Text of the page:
Joan: I practiced. OK, good. But he said. The brain and the spine are the altar of God. Wow. Because it’s through the nervous system that we experience my head awareness of consciousness. I mean, you know, if we didn’t have a nervous system, we wouldn’t feel. But we wouldn’t be alive, right? Yeah. But we wouldn’t feel present inside ourselves.
Joan: So someone can become enlightened with, with spinal problems. Right. Even you can have a spinal problem and still become enlightened, but it, it helps to bring energy to the spine, literally because we’re coming, whether it’s the chakra system or physical system, we want energy to flow evenly up through the spine, into the brain.
Joan: Wow. So that’s just another way of looking at it. I love that. I mean, I feel like that we could spend hours going into, or we could just, you could
Joan: about it first few hours. You could spend your whole life working on that. And that would be a good pursuit.
Rachel: Yes. Oh, that’s so wonderful.
Joan: So we talked about mental, emotional, physical, and spiritual.
Joan: Pretty good. Yeah. I feel like we and social, cause we talked about mirroring. We do learn our moves from our parents and from our,
Rachel: the people around us. Yeah. I was thinking my kids are more likely to. Jump around, move their body and all face. Oh my God.
Joan: I didn’t realize, I didn’t realize how old and still I had become until I hung out with a five year old.
Joan: Yeah. She doesn’t sit still. I was like for one second, I was like, my life become really still. Yeah. I realized that. So, yeah. They’re great examples.
Rachel: Yeah, that’s good. Okay. One other little thing , a practical thing. I’ll be sitting at my computer, working sometimes immersed in a project, which is great.
Rachel: I love that. But then sometimes I’ll realize it’s been two hours and I haven’t gotten up and I don’t know other than drinking, lots of water. So you have to get up. Do you have anything that you do. To remind you, oh, now I need to shift. Now I need to straight. Now I need to get up and move my body for one or two minutes.
Joan: Yeah, that’s a great question. I mean, I think having timers and things like that can help too, but if you’re really into what you’re doing, you might just turn it off and I’ve done that before. That’s what I do. Yeah. I turn it off. I think that, you know, Yeah, that is a great question. I mean, eventually my body demands yes.
Joan: That I move and I’m, I’m a creating in a creating mode right now, too. So I think it is a challenge when you have that creative energy flowing that you want to get it into the document you’re making or the artwork you’re making. Right. I think, I guess the other thing to, to just sort of balance that out though, would be carving out time. if you can bookend your day. Yes. Good. You know where there’s some limits and boundaries. Like for me, I might push hard and I might get through something I really wanna write down. But at 7:00 PM, I mean, that’s, for me, mm-hmm, it is non-negotiable the computer has to be off. Right. So I think everyone’s gotta set their own boundaries with it.
Joan: Yeah. But it’s a great question. And, uh, maybe we invite some viewers to comment. That would be great comment. It may be different for each person too. Yes. Yeah. Right.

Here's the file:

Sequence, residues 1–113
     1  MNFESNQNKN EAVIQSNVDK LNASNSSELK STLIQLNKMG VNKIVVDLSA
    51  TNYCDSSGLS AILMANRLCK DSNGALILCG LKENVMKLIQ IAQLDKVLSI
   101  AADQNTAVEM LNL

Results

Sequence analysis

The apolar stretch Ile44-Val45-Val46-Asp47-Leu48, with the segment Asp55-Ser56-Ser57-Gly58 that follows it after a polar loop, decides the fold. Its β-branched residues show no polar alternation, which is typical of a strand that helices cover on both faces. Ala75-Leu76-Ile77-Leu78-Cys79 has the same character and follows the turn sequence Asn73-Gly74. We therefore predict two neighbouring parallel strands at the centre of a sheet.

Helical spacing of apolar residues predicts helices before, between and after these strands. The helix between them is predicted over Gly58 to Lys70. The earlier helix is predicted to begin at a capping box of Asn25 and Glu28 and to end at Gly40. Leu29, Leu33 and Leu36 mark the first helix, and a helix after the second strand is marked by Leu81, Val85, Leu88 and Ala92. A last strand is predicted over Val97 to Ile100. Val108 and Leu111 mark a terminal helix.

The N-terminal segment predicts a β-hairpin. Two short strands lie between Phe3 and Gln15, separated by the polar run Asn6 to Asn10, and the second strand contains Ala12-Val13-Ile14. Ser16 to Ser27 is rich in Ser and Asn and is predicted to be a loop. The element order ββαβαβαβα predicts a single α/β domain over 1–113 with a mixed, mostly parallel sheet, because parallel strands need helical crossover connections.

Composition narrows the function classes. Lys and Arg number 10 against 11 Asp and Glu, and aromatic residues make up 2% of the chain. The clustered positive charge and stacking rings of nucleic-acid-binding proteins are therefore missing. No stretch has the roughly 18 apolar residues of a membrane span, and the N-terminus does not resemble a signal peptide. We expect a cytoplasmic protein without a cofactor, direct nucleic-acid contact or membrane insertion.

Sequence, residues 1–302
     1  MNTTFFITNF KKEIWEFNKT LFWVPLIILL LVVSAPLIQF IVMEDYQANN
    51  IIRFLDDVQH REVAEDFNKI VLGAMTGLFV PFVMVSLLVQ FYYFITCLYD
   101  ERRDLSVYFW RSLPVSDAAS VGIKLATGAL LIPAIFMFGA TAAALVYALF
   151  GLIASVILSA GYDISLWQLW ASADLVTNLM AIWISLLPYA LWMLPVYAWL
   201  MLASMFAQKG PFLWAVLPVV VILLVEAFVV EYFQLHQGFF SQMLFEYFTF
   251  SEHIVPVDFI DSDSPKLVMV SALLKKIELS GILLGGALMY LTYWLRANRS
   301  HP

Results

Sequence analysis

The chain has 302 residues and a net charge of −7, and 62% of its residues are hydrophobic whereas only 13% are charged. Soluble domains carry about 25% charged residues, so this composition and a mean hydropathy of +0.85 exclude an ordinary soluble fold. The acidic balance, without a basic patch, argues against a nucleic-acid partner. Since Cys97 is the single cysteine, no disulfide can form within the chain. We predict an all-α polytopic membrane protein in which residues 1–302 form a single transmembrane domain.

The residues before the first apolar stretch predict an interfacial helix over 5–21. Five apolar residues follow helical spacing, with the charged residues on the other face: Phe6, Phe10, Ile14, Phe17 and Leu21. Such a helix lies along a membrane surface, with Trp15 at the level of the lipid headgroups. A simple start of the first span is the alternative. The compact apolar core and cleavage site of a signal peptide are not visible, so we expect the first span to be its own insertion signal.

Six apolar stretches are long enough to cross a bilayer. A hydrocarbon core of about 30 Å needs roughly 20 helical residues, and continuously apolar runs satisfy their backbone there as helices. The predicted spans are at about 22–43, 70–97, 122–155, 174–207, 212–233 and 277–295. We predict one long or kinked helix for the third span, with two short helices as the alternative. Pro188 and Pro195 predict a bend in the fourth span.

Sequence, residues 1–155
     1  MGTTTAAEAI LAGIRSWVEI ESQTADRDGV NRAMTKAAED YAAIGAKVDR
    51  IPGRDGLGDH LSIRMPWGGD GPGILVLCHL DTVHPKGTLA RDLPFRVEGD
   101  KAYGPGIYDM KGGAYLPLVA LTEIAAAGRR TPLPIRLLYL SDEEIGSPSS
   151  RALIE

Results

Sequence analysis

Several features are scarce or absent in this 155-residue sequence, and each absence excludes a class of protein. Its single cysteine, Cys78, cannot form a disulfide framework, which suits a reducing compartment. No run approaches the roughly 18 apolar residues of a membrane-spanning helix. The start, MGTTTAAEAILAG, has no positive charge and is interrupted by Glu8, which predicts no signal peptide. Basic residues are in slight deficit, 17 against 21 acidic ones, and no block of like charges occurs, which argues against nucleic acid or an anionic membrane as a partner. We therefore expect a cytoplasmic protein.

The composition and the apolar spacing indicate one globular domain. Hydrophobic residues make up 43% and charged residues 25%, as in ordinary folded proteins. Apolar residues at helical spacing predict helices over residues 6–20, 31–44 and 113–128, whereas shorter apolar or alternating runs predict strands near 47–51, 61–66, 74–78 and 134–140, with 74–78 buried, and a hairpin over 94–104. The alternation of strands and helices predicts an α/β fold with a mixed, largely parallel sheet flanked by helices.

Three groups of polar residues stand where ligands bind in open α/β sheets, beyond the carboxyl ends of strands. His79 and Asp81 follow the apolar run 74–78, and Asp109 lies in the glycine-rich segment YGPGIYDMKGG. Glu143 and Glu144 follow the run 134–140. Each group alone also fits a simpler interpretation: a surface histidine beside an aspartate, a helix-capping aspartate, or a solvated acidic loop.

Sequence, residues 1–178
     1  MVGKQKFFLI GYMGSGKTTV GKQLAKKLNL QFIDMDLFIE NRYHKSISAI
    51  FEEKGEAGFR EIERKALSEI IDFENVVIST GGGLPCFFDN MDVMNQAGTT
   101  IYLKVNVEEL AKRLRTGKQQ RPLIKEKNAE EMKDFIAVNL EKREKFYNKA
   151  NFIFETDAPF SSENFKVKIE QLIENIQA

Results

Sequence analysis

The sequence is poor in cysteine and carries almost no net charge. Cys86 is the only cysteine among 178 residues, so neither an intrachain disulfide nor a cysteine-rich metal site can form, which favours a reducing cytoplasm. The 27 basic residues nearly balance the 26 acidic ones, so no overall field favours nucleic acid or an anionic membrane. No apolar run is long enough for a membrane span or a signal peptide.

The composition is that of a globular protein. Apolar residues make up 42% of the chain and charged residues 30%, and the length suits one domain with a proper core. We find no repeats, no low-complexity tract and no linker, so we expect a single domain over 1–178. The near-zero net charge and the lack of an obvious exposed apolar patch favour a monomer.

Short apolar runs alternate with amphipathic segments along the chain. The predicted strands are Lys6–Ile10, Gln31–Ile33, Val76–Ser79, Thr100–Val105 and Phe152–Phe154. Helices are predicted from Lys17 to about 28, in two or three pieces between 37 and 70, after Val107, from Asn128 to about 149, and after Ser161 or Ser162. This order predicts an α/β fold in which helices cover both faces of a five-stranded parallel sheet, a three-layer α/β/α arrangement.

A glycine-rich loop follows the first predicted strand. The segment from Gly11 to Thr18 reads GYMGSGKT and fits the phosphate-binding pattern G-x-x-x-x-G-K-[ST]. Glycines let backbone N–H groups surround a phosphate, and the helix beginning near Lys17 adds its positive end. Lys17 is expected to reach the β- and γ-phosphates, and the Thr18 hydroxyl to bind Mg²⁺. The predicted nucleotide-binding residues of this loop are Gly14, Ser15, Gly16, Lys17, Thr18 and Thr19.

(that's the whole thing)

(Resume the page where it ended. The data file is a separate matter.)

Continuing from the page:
Rachel: Because for a period of time, I think timers did work for me, but now they don’t sometimes
Joan: you’re like, oh, I’ll go in five minutes. And mm-hmm
Joan: Yeah. Yes. And
Rachel: as you say, I like that book ending, cuz I definitely know if I make a point to be active in the morning and in the evening. Okay. Then at least, even if I had this chunk of time, that was very still. Crunchy Huy over that there’s other times where the fluidity’s coming back and I I’m moving
Joan: and stretching well, in, in the bottom line is no matter how creative you get with the standup desk, you know, ergonomics, we weren’t supposed to be sitting around all day.
Joan: Right. We were supposed to be growing food and hunting. Right. Um, or, or tending the tending the field or whatever, so right. Ergonomics is, is important because modern life dictates that a lot of us do need to sit at a desk to make money. Yes. Um, but it’s not a replacement for, as you said, kind of moving in a more fluid way.
Rachel: yeah. That’s, that’s true. Yes. Now I’m thinking of other ways. I might even look at the objects in my home
Joan: to help me facilitate some more movement.
Rachel: Yeah, the ergonomics of it. Hmm. Well, anything you’d like to say in closing, I
Joan: think I’m done with my S at this point, there is something I say often is that it’s never too late and everyday matters.
Joan: So we always, every moment, the choice we can, we can choose what we’re gonna do right now. Mm-hmm so you. Say, watch the video. I’m gonna get up. Yes.
Rachel: or you can be like, I’m gonna, yeah, right now, get up before the video’s over and start like stretching and doing.
Joan: Aw, wonderful. Thank so much for having me.
Joan: Thank you. Thanks for frog for hosting us. Yes, . We’ll see
Rachel: if frog has more to say next time, but you know, sometimes silence is
Joan: golden mm-hmm
Rachel: I will put Joan’s links below. Literally every time I’m around her, it’s more wisdom. My life gets richer, brighter, more Joyful. .
Rachel: I have better posture. I encourage you connect with her and reach out, that, that you do. Her links will be below. take care everyone.
Rachel: Thank you.